The Boston bombings showed the world the horrors IED's can cause.
Few know them as intimately as one group at Robins Air Force Base.
The Explosive Ordinance Disposal Unit of the 116th Air Control Wing works each day, at home and abroad, to keep that destruction at bay.
SMSgt. John Bell said, "My heart goes out. The rest of my team feels the same. We try to keep this from happening and unfortunatly, it did."
His emotional reaction is the same as most people's across the country. It's his professional training that makes Bell see the bombing through another lens.
He said, "You look for debris. You look for shrapnel. Look for some kind of firing device, can be wires, can be phones, can be anything."
Bell and his team can't guess at what happened in Boston, saying, "I would never try to quarterback a response of that nature."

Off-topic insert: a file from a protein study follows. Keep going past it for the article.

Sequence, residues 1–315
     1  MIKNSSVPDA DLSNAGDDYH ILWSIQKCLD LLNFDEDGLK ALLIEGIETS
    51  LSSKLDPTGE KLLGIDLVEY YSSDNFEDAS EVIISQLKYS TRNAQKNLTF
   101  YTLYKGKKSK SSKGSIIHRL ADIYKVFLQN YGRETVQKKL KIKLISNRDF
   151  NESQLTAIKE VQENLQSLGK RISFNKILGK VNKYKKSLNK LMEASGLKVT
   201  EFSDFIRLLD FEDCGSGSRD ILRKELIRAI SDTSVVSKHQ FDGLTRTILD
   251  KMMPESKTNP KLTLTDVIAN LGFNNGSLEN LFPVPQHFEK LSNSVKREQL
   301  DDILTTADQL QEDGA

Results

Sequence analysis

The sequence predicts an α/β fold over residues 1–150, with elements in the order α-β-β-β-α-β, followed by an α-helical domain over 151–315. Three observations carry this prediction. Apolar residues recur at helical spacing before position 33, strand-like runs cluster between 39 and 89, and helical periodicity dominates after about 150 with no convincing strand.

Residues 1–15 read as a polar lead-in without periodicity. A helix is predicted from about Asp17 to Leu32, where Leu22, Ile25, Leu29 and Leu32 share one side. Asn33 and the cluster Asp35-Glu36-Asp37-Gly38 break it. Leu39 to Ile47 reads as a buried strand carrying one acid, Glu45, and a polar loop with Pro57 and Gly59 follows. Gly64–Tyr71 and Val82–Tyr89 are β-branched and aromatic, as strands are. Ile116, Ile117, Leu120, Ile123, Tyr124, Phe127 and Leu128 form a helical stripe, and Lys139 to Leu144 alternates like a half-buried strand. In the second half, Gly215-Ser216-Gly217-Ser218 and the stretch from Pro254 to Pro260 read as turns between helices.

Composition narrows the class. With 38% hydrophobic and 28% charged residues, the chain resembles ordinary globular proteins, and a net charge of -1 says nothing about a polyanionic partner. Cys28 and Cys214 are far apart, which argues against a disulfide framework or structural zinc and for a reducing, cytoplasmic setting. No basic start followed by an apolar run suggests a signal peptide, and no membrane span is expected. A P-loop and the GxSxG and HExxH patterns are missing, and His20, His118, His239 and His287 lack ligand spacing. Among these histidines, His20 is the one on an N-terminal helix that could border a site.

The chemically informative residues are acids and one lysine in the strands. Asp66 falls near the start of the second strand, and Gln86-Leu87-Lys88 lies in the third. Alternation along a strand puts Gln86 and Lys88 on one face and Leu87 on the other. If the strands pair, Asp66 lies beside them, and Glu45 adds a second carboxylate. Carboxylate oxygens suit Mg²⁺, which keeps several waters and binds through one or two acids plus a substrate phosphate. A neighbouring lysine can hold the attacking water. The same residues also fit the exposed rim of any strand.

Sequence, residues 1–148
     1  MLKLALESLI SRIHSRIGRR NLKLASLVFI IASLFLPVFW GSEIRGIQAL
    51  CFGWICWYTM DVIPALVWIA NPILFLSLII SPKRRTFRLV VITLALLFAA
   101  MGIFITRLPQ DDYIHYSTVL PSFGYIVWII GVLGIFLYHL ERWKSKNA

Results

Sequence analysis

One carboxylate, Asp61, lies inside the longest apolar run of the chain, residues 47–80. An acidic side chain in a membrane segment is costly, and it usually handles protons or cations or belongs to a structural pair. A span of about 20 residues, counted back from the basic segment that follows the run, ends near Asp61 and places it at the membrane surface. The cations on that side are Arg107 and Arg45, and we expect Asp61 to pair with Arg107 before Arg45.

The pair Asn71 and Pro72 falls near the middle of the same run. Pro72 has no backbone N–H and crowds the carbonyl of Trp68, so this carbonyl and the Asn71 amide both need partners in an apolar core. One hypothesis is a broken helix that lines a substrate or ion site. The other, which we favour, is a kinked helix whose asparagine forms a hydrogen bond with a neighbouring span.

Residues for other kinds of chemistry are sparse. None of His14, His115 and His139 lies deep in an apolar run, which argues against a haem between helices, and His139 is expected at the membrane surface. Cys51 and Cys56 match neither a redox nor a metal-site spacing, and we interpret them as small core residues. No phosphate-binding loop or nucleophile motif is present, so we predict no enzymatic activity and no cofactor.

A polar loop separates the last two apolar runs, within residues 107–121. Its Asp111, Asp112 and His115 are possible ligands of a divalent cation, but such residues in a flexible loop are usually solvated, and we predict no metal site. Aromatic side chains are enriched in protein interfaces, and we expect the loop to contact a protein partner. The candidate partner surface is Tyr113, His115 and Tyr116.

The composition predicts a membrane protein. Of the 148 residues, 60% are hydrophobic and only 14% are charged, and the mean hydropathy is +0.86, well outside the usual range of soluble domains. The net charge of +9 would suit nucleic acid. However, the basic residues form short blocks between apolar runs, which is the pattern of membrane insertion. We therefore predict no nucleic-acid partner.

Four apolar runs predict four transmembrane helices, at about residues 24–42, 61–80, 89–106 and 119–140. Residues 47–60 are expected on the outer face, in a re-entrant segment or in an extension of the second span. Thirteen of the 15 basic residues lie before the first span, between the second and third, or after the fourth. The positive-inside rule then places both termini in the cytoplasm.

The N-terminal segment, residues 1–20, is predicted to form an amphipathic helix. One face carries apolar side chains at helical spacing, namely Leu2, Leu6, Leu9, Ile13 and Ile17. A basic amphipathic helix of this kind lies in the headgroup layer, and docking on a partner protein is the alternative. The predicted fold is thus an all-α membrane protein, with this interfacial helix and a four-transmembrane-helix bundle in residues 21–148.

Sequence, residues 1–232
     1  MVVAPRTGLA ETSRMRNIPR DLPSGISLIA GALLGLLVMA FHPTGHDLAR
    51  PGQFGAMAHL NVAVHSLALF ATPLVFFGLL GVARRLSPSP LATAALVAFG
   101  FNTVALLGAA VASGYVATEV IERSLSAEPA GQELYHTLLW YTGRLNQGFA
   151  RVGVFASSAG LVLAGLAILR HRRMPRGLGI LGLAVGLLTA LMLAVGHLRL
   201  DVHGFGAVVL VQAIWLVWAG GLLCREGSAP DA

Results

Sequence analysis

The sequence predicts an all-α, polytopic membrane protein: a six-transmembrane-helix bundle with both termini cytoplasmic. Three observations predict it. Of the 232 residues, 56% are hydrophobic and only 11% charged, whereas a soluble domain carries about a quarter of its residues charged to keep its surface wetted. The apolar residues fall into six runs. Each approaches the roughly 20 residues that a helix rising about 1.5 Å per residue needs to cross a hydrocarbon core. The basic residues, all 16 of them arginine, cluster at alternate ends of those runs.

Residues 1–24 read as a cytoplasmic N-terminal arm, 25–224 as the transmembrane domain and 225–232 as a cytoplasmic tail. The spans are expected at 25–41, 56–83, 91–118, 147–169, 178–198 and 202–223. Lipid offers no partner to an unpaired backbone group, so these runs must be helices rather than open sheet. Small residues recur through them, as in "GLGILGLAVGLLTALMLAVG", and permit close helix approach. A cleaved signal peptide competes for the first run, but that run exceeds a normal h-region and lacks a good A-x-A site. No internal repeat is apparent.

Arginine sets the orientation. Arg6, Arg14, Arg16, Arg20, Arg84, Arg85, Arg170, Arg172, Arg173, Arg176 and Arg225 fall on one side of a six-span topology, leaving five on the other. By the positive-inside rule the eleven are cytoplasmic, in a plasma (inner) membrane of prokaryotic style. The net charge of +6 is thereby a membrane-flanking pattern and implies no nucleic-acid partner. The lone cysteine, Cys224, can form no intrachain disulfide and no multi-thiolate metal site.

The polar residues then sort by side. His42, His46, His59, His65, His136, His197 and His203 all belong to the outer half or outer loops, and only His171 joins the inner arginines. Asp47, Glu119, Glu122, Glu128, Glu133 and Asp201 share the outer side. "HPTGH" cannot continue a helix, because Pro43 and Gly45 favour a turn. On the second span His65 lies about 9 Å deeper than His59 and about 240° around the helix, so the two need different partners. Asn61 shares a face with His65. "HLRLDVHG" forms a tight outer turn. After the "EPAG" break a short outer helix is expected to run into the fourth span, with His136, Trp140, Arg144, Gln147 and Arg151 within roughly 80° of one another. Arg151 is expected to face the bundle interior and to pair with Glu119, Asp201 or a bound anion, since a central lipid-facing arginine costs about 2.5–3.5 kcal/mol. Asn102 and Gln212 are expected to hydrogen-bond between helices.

They do know what the boots on the ground want to find.
Bell said, "They'll check for residue. They'll start getting biometrics and building a picture, try to reconstruct a device."
In a subway bombing overseas, terrorists used a suitcase pipe bomb. Bell showed an example of similar one. He estimated the Boston bombs weren't much bigger.
He said, "It was probably in the neighborhood of about 5 pounds."
Bell said if someone spotted the devices first, EOD teams would have used every technology to defuse it.
That could have included a remote control camera to look first, or a robot to inspect and defuse the bomb.
Bell said, "We can lose a robot easier than losing a person."
He said his team takes risks, too.
TSgt. Barry Duffield showed the 70 to 100 pound suit that separates them from a bomb. A squad wore the same suit in Boston.
He said, "You start breaking it down piece by piece. By doing that you can find a way to defeat it."
Massachusetts leaders requested the assistance of the Navy EOD team from Newport Rhode Island to help investigate the Boston bombings. They perform the same duties as the Robins EOD team, and are also capable of diving to defuse submerged weapons.